Mars helicopter Ingenuity went silent for 6 'agonizing' days in April

an aerial photograph of the surface of Mars with Perseverance rover in the background
A photograph of the Perseverance rover and the Martian surface taken by the Ingenuity helicopter on April 22, 2023, during its 51st Red Planet flight. (Image credit: NASA/JPL-Caltech)

NASA's Mars helicopter Ingenuity had its handlers sweating bullets about two months ago.

The little chopper failed to check in with the mission team for about six days in early April, Ingenuity chief engineer Travis Brown wrote in an update on May 26

This was not a cause for concern at first. Since January of this year, when winter set in at Ingenuity's digs — the floor of Mars' Jezero Crater — the solar-powered chopper "had unfortunately been drifting in and out of nighttime survival mode (having enough power to avoid overnight brownouts)," Brown wrote in the update. 

This led to uncertainty in Ingenuity's daily wakeup time, which made it harder to hail the chopper and to plan out its activities. In addition, during this stretch, a rocky outcrop created a "communications shadow" between Ingenuity and its robotic partner, the Perseverance rover, which relays commands to and from the 4-pound (1.8-kilogram) rotorcraft. 

Related: Facts about the Mars helicopter Ingenuity, 1st aircraft to fly on Red Planet

But when the life-hunting, sample-collecting Perseverance came back into communications range "and the helicopter was still nowhere to be found, the situation began to generate some unease," wrote Brown, who's based at NASA's Jet Propulsion Laboratory in Southern California.

"Poor telecom performance was seen as a plausible explanation, but there were reasons to doubt it," he added. "In more than 700 sols operating the helicopter on Mars, not once had we ever experienced a total radio blackout. Even in the worst communications environments, we had always seen some indication of activity."

One sol, or Martian day, is slightly longer than an Earth day, lasting about 24 hours and 40 minutes.

The Ingenuity blackout began on sol 755, or April 5. It finally ended on sol 761, when the mission team spotted a signal during the helicopter's expected wakeup window. A second signal at the same time on sol 762 "confirmed that the helicopter was indeed alive, which came as a welcome relief for the team," Brown wrote.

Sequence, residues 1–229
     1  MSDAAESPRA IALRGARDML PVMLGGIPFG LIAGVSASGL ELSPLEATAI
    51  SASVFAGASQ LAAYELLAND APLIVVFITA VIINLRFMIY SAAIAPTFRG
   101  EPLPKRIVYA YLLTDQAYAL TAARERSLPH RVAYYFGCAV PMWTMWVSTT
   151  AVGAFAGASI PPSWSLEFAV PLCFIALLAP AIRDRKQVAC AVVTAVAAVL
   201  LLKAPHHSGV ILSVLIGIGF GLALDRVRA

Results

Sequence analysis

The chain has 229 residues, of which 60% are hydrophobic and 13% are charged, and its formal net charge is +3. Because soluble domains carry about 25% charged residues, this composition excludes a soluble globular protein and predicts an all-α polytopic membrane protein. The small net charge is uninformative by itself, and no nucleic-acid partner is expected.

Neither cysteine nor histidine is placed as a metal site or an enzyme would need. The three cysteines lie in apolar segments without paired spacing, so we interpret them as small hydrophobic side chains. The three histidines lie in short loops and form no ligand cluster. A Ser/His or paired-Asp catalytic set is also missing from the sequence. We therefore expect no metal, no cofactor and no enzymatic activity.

Ingenuity conducted its 50th flight on Mars the very next day — sol 763, or April 13. It reached a maximum altitude of 59 feet (18 meters) on that sortie, higher than it had ever gone before. 

"It would be an understatement to say that the helicopter team was relieved to see the successful flight telemetry in the sol 763 downlink the following morning," Brown wrote.

Ingenuity flew again on April 22 but has stayed ground-bound since then. 

Summer will soon return to Jezero Crater, but the communications issues may persist beyond the change of seasons, according to Brown. That's because there's a large amount of Martian dust on Ingenuity's solar panels, which will likely keep the chopper in its current "transitional power state" for a while yet.

"This means that, much to the chagrin of her team, we are not yet done playing this high-stakes game of hide and seek with the playful little helicopter," Brown wrote.

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Mike Wall
Senior Space Writer

Michael Wall is a Senior Space Writer with and joined the team in 2010. He primarily covers exoplanets, spaceflight and military space, but has been known to dabble in the space art beat. His book about the search for alien life, "Out There," was published on Nov. 13, 2018. Before becoming a science writer, Michael worked as a herpetologist and wildlife biologist. He has a Ph.D. in evolutionary biology from the University of Sydney, Australia, a bachelor's degree from the University of Arizona, and a graduate certificate in science writing from the University of California, Santa Cruz. To find out what his latest project is, you can follow Michael on Twitter.